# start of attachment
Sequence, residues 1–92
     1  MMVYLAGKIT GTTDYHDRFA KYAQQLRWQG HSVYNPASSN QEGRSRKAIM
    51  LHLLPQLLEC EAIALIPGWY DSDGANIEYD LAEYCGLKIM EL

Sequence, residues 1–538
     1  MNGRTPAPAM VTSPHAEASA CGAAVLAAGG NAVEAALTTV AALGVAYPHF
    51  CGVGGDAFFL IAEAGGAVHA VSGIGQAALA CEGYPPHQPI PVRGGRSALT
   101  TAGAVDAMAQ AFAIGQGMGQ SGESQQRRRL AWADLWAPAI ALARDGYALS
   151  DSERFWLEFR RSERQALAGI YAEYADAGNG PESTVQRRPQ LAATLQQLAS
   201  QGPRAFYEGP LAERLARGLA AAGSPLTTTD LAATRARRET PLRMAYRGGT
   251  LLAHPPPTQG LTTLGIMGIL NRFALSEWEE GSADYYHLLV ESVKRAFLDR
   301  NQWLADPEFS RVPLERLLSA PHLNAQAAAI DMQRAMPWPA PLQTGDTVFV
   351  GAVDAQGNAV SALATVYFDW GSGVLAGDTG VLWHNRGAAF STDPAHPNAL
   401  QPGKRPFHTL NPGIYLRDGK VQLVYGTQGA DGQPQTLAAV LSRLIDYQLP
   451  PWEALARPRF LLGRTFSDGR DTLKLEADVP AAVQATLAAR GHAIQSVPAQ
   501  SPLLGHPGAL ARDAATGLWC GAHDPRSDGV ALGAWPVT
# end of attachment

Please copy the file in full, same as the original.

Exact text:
Sequence, residues 1–92
     1  MMVYLAGKIT GTTDYHDRFA KYAQQLRWQG HSVYNPASSN QEGRSRKAIM
    51  LHLLPQLLEC EAIALIPGWY DSDGANIEYD LAEYCGLKIM EL

Sequence, residues 1–538
     1  MNGRTPAPAM VTSPHAEASA CGAAVLAAGG NAVEAALTTV AALGVAYPHF
    51  CGVGGDAFFL IAEAGGAVHA VSGIGQAALA CEGYPPHQPI PVRGGRSALT
   101  TAGAVDAMAQ AFAIGQGMGQ SGESQQRRRL AWADLWAPAI ALARDGYALS
   151  DSERFWLEFR RSERQALAGI YAEYADAGNG PESTVQRRPQ LAATLQQLAS
   201  QGPRAFYEGP LAERLARGLA AAGSPLTTTD LAATRARRET PLRMAYRGGT
   251  LLAHPPPTQG LTTLGIMGIL NRFALSEWEE GSADYYHLLV ESVKRAFLDR
   301  NQWLADPEFS RVPLERLLSA PHLNAQAAAI DMQRAMPWPA PLQTGDTVFV
   351  GAVDAQGNAV SALATVYFDW GSGVLAGDTG VLWHNRGAAF STDPAHPNAL
   401  QPGKRPFHTL NPGIYLRDGK VQLVYGTQGA DGQPQTLAAV LSRLIDYQLP
   451  PWEALARPRF LLGRTFSDGR DTLKLEADVP AAVQATLAAR GHAIQSVPAQ
   501  SPLLGHPGAL ARDAATGLWC GAHDPRSDGV ALGAWPVT